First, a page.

Edinburgh Festival (19): Royal Concertgebouw on Top Form in Mahler’s Ninth


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 Edinburgh International Festival 2013 (19) – Mahler: Royal Concertgebouw Orchestra /Daniele Gatti (conductor), Usher Hall, Edinburgh, 30.8.2013 (SRT)


Daniele Gatti. Photo by Abramovitz

Daniele Gatti. Photo by Abramovitz

Mahler: Symphony No. 9

The classical programme of this year’s Edinburgh Festival has hit some definite heights, most obviously, for me, the Bavarian Radio Symphony Orchestra’s visit, together with Christian Gerhaher’s morning recital.  However, many of the Usher Hall evenings I have attended, while generally very strong, have left me with reservations.  And so I was particularly looking forward to this visit from one of the world’s very finest (if not the finest) orchestras playing a work that is central to their repertoire.  It may not quite have hit the heights, but nevertheless I wasn’t disappointed.

The sheer quality of the playing on offer was exceptional, and it was only with the Bavarians that I have heard anything comparable this festival.  The Concertgebouw is a Rolls Royce outfit, a crack orchestral team if ever there was one, and that was evident from the playing of every shimmering, pristine section.  The violins, for example, had a special gleam on them, particularly evident when the firsts entered in the first theme of the great Andante comodo, ripe with meaning and full of potential, all the more poignant for the fact that it is snuffed out by a D minor theme of such turbulence and anger.  The violas and cellos were every bit as compelling, underpinning the sound with velvety richness that most other orchestras would kill for.  The strings sounded lyrical and soaring in the first movement, but they weren’t afraid to sound thick and heavy for the clunky Ländler of the second movement, particularly the second theme which seemed to harrumph its way through the music with a heavy ungainliness that seemed almost destructive.

The brass were every bit as fine, and I loved the way the trombones and tubas weren’t afraid to play subtly as well as storming through the climaxes.  The solo trumpet in the Rondo was so ethereal as to appear almost disconnected from reality, while the principal horn produced playing so beautiful that he surely deserves a place in Valhalla.  The winds were sensational too, and I loved the way they weren’t afraid to make a blatantly ugly sound, something they did to great effect in both middle movements.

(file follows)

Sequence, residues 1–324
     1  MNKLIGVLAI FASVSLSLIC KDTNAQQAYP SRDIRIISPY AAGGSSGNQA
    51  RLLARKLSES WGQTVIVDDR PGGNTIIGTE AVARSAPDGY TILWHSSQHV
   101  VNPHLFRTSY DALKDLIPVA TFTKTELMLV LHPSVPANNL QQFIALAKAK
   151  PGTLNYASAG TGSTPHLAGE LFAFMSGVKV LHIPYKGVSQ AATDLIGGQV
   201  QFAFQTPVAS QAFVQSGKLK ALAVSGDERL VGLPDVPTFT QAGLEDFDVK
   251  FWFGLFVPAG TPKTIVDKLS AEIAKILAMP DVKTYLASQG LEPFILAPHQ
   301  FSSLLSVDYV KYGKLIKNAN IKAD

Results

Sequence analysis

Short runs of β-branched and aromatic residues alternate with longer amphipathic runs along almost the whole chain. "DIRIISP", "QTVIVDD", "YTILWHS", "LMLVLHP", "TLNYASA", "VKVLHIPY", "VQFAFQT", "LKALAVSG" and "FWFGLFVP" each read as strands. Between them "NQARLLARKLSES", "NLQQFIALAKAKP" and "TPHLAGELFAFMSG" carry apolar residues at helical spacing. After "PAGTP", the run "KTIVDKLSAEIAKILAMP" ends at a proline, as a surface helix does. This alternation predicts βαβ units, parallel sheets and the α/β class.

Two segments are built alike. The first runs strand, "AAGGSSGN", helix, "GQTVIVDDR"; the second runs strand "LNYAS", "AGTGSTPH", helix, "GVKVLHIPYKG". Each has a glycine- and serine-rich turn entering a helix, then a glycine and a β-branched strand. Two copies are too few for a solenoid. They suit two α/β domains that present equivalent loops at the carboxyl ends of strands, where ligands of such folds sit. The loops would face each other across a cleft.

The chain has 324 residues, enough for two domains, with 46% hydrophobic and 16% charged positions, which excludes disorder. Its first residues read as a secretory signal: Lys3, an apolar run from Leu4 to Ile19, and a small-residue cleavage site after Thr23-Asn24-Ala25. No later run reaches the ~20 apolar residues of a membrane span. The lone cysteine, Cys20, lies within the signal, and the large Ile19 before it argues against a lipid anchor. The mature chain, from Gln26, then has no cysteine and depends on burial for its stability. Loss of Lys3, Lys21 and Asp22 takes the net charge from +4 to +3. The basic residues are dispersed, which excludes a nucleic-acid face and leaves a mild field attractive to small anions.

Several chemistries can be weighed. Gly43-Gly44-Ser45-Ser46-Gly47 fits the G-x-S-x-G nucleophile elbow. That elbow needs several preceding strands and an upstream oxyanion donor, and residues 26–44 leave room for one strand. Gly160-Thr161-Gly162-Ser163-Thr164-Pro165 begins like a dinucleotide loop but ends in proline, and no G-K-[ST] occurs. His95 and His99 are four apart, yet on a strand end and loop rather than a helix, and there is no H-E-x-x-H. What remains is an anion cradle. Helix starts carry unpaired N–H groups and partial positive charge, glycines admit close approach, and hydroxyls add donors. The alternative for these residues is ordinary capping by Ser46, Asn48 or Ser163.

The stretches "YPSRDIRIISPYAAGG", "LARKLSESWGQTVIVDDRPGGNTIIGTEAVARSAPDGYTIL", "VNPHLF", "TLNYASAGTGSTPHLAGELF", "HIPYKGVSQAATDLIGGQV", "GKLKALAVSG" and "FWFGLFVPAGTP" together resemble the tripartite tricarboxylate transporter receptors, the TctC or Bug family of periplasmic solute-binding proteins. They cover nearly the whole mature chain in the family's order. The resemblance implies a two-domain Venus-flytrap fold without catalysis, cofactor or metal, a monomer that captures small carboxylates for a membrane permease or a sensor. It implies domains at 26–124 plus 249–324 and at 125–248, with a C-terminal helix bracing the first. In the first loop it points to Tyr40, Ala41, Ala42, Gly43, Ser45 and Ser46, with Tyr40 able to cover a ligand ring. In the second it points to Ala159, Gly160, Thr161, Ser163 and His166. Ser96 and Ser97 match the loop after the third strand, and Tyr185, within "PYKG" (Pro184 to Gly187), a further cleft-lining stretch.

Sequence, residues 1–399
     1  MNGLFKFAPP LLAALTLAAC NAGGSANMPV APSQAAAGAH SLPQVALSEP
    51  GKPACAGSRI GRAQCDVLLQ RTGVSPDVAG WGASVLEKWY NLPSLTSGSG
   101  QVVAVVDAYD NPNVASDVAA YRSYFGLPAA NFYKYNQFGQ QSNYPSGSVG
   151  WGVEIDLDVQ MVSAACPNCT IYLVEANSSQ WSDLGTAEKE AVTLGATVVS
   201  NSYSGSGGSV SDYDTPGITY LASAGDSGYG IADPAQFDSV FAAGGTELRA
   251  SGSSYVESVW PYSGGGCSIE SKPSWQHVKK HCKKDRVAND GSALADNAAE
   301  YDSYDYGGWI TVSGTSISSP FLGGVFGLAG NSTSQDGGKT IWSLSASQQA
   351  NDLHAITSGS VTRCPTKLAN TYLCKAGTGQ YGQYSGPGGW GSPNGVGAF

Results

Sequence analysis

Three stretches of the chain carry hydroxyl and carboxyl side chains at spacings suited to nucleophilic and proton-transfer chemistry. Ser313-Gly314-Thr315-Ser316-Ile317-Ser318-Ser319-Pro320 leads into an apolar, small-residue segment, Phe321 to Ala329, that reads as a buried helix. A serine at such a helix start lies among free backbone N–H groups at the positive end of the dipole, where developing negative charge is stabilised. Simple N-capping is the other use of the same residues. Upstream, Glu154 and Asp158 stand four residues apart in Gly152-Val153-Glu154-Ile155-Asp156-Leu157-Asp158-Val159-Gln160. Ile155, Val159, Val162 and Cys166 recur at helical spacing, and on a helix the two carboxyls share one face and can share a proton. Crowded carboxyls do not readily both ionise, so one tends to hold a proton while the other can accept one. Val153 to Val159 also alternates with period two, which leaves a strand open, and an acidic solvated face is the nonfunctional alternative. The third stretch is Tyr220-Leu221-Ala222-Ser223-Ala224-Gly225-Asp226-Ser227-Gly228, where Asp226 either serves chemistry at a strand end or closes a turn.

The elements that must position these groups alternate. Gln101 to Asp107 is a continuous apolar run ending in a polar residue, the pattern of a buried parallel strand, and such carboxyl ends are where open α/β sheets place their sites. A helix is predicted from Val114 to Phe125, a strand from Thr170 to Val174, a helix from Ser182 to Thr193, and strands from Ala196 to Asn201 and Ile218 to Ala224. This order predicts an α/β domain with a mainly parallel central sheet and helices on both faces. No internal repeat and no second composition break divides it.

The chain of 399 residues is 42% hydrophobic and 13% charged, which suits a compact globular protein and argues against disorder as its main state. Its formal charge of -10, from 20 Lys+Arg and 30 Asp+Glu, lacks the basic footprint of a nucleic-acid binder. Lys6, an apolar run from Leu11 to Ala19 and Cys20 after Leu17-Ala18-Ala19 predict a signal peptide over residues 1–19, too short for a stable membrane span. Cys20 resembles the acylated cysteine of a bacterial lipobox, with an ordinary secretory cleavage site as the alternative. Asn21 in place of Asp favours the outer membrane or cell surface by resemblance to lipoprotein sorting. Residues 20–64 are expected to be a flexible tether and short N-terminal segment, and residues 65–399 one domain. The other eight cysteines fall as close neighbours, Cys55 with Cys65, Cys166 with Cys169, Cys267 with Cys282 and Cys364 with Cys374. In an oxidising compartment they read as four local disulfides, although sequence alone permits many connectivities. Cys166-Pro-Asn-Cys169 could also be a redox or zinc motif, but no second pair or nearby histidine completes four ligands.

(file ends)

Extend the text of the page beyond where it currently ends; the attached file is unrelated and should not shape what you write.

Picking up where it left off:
I wasn’t at all taken with Daniele Gatti’s reading of Mahler’s Seventh symphony last year, but I found him more compelling here.  Impressively, he conducted the whole symphony without a score and he was at his finest in the third movement, shaping it with savagery and bite.  For me he didn’t quite manage to encompass the breadth of the emotive power of the outer movements.  I particularly wanted more of a sense of encroaching entropy in the first movement.  For me it sounded too controlled, even after the great climax towards the end, so that you never felt that enough of a risk was being ventured: this music was daring but ultimately safe.  I also wasn’t quite swept away by the finale, despite the almost overwhelming breadth of the main string theme – it felt more like listening to Mahler’s great heartsong from an objective distance rather than being swept up in an uncontrollable wave.  However, he shaped the ending very impressively indeed, with the music quivering on the border of silence in a way that made you lean in to catch every phrase, and the final pages, with their astoundingly subtle strings and their delicately graded decline into nothingness, created a powerful impression that will live with me for a very long time.

Simon Thompson




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